But it’s not about that. Not at all.

      Here’s what it actually is, as defined by Mann:

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      “It’s about how to reclaim your email, your atten­tion, and your life. That “zero?” It’s not how many mes­sages are in your inbox–it’s how much of your own brain is in that inbox. Especially when you don’t want it to be. That’s it.” – Merlin Mann

      The Fake Inbox Zero

      The sense of fulfillment one gets from clearing out everything in your inbox is temporary at best, disappointing at worst. Often we find that we’re shooting for Inbox Zero just so that we can say that we’ve got “everything done that needed to be done”. That’s simply not the case.

      Certainly by removing all of your things that sit in your inbox means that they are either taken care of or are well on their way to being taken care of. The old saying “out of sight, out of mind” is often applied to clearing out your inbox. But unless you’ve actually done something with the stuff, it’s either not worth having in your inbox in the first place or is still sitting in your “mental inbox”. You have to do something with the stuff, and for many people that is a hard thing to do. That’s why Inbox Zero – as defined by Mann – is not achieved as often as many people would like to believe. It’s this “watered down” concept of Inbox Zero that is completed instead. You’ve got no email in your inbox and you’ve got no paper on your desk’s inbox. So that must mean you’re at Inbox Zero.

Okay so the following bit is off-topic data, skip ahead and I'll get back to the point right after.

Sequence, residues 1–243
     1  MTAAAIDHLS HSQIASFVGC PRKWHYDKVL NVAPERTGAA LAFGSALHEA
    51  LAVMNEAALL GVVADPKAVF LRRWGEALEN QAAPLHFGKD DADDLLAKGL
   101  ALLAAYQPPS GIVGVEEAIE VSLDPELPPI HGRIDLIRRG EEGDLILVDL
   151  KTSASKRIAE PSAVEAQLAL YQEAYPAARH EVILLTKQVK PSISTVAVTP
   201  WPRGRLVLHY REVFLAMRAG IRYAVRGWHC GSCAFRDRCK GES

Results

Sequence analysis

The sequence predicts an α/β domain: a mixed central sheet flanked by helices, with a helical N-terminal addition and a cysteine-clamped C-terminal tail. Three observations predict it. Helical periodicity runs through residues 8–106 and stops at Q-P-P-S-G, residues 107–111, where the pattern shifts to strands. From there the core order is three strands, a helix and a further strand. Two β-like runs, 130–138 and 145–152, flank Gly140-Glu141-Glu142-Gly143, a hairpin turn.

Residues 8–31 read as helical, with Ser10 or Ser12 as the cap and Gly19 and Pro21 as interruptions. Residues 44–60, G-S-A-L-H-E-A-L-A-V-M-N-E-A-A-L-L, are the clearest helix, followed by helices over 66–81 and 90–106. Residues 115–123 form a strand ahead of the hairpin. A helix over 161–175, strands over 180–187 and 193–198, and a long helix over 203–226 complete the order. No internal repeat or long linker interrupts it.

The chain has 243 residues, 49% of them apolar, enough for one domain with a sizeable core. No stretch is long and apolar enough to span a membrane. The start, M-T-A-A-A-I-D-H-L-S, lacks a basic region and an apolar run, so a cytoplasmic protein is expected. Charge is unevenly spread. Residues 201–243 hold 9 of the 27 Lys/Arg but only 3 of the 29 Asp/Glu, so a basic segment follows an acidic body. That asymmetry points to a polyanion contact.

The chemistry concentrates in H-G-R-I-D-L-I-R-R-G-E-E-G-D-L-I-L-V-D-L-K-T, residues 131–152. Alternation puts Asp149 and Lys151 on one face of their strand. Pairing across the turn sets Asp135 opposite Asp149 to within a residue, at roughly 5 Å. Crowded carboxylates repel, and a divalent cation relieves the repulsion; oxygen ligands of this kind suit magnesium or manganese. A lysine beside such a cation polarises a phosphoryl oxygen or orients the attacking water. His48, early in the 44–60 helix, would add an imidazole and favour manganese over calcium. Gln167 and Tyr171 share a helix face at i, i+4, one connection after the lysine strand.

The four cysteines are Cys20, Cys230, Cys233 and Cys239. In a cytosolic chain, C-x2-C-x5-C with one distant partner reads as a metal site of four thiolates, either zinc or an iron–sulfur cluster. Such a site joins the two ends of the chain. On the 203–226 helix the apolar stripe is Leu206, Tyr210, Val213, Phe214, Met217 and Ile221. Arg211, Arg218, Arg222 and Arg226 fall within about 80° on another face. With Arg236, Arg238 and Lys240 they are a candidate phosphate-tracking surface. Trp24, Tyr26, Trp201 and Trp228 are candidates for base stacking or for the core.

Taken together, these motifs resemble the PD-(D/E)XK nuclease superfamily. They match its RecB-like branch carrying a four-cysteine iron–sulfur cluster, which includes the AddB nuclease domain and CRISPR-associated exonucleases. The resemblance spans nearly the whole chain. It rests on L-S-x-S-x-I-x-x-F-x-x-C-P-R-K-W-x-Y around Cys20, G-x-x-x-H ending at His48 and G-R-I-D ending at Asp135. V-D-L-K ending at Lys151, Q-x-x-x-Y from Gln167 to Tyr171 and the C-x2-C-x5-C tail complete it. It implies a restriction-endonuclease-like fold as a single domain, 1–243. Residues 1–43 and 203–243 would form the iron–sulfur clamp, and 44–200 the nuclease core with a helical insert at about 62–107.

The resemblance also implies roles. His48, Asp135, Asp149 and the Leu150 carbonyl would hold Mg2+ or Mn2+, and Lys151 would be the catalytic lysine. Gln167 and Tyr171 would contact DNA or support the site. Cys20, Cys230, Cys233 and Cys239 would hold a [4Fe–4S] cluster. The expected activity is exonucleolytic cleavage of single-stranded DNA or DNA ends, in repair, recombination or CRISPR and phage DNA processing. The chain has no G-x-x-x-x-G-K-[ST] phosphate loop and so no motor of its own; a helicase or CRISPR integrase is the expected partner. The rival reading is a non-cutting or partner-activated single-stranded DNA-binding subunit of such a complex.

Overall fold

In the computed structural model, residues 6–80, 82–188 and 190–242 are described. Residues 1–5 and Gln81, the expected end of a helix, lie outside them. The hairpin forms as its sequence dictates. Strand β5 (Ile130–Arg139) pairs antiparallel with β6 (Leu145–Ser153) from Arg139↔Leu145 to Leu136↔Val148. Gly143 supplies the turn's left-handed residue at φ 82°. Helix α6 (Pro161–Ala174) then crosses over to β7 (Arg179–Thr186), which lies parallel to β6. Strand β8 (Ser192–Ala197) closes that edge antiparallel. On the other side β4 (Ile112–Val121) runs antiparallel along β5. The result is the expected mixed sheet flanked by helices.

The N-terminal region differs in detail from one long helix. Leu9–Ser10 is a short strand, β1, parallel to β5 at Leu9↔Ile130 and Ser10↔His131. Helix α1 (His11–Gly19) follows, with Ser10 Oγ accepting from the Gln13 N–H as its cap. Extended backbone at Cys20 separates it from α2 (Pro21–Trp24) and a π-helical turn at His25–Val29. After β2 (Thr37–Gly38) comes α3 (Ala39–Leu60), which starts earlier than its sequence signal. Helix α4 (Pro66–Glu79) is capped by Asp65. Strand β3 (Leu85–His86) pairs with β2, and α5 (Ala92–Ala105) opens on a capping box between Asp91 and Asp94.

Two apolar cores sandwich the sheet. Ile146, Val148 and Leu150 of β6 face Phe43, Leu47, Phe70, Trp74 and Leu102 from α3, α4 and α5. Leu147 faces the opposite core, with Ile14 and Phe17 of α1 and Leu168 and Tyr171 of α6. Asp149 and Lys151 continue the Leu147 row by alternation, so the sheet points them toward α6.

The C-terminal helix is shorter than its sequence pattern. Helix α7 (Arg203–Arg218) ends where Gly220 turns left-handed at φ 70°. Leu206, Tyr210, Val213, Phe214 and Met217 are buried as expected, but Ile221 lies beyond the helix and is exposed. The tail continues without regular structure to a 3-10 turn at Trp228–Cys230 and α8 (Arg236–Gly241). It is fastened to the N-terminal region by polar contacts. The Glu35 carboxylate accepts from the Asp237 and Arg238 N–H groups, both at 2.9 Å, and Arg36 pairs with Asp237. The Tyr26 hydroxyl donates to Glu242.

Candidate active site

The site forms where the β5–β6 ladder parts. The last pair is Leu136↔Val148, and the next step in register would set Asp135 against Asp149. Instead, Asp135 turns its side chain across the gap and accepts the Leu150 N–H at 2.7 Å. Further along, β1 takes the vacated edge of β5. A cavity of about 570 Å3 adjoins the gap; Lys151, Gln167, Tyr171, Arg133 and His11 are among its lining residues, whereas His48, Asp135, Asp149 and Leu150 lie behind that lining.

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      Until the next email arrives or the next document comes your way. Then you work to get rid of those as quickly as possible so that you can get back to Inbox Zero: The Lesser again. If it’s something that can be dealt with quickly, then you get there. But if they require more time, then soon you’ve got more stuff in your inboxes. So you switch up tasks to get to the things that don’t require as much time or attention so that you can get closer to this stripped down variation of Inbox Zero. However, until you deal with the bigger items, you don’t quite get there. Some people feel as if they’ve let themselves (or others) down if they don’t get there. And that, quite frankly, is silly. That’s why this particular version of Inbox Zero doesn’t work.